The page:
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Washington, D.C. – Bread for the World today released the following statement regarding the Senate’s passage of the Tax Cuts and Jobs Act of 2017. The statement can be attributed to Rev. David Beckmann, president of Bread for the World:
“The tax bill passed by the Senate will hurt millions of low-income and working families. The tax cuts passed in this bill, which largely benefit high-income individuals and large corporations, will almost certainly lead to deep cuts in Medicaid, SNAP, and other programs that help people experiencing hunger and living in poverty.
“The bill also repeals the individual mandate of the Affordable Care Act. Without this mandate, 5 million of the most vulnerable Americans could lose their Medicaid coverage, according to the Congressional Budget Office.
“The direct impact on middle-income families will be mixed, with most of the benefits phasing out after a few years. The bill’s proponents argue that it will create jobs, but a tax cut that goes disproportionately to high-income people is not the best way to improve the job market for low-income and working families.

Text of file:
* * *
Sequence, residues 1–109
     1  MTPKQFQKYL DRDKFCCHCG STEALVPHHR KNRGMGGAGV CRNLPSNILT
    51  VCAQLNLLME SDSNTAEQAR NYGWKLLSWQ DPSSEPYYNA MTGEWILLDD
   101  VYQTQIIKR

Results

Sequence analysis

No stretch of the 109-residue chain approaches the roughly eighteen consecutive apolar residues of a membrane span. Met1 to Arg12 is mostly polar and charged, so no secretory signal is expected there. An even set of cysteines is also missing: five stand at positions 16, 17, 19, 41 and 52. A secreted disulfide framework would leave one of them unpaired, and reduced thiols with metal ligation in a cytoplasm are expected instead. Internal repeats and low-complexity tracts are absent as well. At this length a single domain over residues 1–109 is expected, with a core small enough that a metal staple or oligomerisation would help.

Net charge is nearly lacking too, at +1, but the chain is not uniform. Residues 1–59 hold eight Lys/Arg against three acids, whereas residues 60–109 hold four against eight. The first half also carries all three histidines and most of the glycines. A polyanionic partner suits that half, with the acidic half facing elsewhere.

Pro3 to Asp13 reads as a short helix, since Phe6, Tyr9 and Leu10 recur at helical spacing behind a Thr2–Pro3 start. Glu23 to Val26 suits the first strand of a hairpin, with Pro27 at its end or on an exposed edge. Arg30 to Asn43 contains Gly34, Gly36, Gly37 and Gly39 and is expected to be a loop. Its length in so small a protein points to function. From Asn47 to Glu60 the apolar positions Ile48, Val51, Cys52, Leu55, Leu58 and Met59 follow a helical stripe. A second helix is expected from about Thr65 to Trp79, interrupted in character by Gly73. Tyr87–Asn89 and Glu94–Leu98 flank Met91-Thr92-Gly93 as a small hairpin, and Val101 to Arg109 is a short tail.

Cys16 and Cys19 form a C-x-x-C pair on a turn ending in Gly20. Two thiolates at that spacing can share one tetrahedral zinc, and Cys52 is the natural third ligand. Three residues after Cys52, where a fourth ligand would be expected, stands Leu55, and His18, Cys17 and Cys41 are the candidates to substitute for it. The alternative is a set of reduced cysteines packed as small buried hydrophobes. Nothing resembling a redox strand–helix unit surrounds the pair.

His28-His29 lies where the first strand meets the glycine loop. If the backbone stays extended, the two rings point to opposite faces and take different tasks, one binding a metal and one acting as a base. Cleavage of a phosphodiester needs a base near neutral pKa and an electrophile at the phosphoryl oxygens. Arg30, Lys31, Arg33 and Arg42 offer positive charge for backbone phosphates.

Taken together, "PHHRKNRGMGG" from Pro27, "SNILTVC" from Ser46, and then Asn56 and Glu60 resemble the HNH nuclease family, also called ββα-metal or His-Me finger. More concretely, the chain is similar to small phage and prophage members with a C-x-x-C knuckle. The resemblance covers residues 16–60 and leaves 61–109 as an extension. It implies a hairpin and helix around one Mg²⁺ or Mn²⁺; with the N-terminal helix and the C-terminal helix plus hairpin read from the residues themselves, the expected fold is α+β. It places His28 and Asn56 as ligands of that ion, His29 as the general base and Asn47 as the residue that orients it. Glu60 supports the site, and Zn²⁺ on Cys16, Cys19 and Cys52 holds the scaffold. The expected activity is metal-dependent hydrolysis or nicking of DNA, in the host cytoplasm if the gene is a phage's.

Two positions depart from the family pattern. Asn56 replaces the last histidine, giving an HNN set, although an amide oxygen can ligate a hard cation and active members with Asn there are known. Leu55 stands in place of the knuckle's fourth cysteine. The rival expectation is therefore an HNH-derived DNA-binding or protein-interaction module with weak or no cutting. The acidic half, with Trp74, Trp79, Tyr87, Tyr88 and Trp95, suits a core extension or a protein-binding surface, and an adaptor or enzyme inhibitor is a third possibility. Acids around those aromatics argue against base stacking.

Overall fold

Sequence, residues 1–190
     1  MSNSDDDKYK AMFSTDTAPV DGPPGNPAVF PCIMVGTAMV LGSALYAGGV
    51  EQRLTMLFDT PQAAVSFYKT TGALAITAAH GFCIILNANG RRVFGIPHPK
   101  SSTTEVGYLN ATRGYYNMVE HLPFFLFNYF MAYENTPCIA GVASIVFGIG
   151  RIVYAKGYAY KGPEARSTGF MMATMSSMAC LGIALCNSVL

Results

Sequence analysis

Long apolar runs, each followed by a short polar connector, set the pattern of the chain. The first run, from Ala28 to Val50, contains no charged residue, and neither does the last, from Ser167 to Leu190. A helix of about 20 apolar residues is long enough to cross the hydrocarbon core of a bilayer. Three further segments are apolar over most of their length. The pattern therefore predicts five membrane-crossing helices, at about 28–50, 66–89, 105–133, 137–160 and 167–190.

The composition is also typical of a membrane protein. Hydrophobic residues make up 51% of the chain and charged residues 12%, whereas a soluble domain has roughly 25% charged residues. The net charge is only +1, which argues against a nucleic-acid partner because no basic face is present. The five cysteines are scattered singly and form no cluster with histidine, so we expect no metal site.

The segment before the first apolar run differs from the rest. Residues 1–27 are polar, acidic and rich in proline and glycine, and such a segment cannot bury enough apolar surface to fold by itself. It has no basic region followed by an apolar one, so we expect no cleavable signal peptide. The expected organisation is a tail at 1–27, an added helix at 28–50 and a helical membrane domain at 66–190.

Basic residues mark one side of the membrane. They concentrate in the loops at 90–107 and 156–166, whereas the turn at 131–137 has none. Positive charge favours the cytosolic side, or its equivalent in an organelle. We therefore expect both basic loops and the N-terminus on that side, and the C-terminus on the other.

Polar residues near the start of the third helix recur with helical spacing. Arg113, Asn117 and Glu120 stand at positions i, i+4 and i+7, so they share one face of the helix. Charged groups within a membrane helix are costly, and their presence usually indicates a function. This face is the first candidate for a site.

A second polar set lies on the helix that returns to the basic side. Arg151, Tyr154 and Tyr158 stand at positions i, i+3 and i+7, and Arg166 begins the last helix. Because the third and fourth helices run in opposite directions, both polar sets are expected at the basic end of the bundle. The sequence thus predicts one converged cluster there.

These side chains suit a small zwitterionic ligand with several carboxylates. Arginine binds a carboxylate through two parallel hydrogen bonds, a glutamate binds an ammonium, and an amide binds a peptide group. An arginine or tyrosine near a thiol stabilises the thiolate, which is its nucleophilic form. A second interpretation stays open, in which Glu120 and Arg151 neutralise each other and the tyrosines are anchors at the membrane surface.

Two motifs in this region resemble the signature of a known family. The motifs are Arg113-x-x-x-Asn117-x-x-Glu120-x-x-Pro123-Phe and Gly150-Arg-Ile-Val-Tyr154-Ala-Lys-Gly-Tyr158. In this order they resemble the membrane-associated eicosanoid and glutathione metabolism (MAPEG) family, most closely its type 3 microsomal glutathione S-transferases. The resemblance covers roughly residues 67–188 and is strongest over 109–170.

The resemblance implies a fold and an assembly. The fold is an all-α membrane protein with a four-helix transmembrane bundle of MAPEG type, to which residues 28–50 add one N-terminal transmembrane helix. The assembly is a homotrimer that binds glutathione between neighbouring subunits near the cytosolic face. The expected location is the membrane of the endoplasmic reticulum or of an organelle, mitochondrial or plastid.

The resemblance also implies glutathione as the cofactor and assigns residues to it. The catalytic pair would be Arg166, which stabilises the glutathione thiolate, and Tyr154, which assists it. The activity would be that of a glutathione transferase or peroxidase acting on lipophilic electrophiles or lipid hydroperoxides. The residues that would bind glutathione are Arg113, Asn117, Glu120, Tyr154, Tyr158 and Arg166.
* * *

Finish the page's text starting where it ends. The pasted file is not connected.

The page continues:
“Our country has made substantial progress against hunger and poverty in recent decades. But this tax legislation, in both its House and Senate versions, is a major threat to continued progress against hunger.”
Climate Change Worsens Hunger in Latino/a Communities
Climate change threatens the traditions and lifestyles of Indigenous people.
While climate change impacts everyone, regardless of race, policies and practices around climate have historically discriminated against and excluded people of color.
“As you therefore have received Christ Jesus the Lord, continue to live your lives in him, rooted and built up in him and established in faith.” These words from Colossians 2:6 remind us of the faith that is active in love for our neighbors.
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The Supplemental Nutrition Assistance Program (SNAP) is designed to respond to changes in need, making it well suited to respond to crises such as the COVID-19 pandemic.
Bread for the World and its partners are asking Congress to provide $200 million for global nutrition.
In 2017, 11.8 percent of households in the U.S.—40 million people—were food-insecure, meaning that they were unsure at some point during the year about how they would provide for their next meal.